2. Hey, it’s the best exercise in the world, and you get to ride lots of different horses – sounds pretty fun to me, but I bet it’s a real workout! I find it really instructive to ride different horses, because each one needs something different from us.

    1. I think I like it more (at this point in my life) than owning one horse and perfecting how to communicate with my one horse.

      I am not so great at dressage, but I’m very good at reading horses and adjusting: getting that right feels amazing.

  3. Yay! You’re riding again! I love reading about your dressage rides as much as you love reading about my jumping! I can pretend to be a DQ instead of a Hunter Princess!

    And seriously girl, 52?! That’s nothing! There’s a woman at my barn in her mid-seventies who competes in the 4′ jumpers. She is tough as nails and if you keep complaining… well I’ll just have to tell on you and she doesn’t tolerate excuses. 🙂 I bet you’re a lot more fit than you think.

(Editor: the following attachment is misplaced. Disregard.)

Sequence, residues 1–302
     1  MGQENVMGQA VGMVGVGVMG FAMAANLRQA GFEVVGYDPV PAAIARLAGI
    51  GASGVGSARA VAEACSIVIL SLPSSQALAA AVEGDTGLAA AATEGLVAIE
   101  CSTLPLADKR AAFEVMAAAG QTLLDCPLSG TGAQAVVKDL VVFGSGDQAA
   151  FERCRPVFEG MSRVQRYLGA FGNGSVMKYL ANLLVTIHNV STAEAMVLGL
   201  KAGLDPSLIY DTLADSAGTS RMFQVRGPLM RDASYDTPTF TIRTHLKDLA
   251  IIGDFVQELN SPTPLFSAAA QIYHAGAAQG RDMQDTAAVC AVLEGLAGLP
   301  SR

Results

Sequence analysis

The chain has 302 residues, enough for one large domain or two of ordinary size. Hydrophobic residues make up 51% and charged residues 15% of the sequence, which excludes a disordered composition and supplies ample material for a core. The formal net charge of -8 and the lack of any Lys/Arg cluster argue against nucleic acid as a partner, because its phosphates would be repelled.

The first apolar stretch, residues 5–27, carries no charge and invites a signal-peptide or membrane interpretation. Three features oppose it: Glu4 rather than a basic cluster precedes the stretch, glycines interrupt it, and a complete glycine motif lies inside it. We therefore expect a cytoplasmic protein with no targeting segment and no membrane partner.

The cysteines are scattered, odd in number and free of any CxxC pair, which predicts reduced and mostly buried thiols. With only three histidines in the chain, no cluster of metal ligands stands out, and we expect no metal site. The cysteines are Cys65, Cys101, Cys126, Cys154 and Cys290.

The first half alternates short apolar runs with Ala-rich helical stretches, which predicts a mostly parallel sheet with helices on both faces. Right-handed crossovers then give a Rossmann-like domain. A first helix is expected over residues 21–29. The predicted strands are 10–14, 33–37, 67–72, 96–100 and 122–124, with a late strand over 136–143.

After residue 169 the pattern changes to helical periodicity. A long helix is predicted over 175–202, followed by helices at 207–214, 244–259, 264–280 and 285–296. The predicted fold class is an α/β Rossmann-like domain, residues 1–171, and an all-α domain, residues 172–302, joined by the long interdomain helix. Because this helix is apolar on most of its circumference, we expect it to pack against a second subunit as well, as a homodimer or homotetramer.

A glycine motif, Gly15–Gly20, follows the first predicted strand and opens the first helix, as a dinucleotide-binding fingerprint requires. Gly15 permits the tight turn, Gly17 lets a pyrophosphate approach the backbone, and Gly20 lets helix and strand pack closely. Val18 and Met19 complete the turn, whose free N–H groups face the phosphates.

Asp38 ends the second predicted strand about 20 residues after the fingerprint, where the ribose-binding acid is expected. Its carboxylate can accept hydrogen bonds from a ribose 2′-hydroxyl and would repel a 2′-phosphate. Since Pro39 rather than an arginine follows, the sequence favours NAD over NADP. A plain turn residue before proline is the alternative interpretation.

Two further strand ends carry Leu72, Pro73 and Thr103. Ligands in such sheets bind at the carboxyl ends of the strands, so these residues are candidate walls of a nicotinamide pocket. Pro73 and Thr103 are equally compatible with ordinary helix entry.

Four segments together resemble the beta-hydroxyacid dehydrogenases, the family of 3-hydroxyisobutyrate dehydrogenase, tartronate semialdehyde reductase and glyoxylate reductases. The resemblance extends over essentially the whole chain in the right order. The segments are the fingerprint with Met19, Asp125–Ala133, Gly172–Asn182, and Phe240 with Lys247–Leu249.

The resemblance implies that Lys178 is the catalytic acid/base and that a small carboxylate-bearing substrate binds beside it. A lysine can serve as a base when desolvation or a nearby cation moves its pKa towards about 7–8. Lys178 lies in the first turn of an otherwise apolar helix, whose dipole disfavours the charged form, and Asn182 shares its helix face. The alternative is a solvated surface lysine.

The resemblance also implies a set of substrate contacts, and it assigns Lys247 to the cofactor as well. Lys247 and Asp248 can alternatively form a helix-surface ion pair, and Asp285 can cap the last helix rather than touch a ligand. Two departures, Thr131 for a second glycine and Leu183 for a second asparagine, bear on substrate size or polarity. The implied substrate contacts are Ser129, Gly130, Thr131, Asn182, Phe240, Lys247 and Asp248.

Plus riding lots of horses IS fun. And if you’re sore, well, that’s why we have Ibuprofen. (Oh, and Tucker shares his liniment with me. Sore No More is awesome stuff — try it out!)

    1. Sore No More: topical Liquid Ambrosia. I advised Shaun to add it to our stock portfolio. That stuff is the bomb. And no more smelling like Absorbine Sr.

      I know I know. I shouldn’t kvetch. 🙂 I’m young-ish and fit-ish. I’m lucky to get to ride *these* horses. Our barn owner is in her 70’s, rides many horses, shows dressage, wins, and I wish I had her figure.

      Cake is not my friend. I wish I could remember that. Pilates IS my friend. I wish I could remember that too!

        1. I agree. *sigh*

          Ben and Jerry are the kick back friends listen in minute detail to all your problems and sooth you.

          Pilates is the Rich Potential Significant Other that you really want to like, because the benefits are enormous: carrying yourself with class, a better body, better riding skills, and finally you can prove that yes, you do have discipline.

          Problem is I’ll go for goofy, slouching friendliness, love, and trust over discipline and results every time.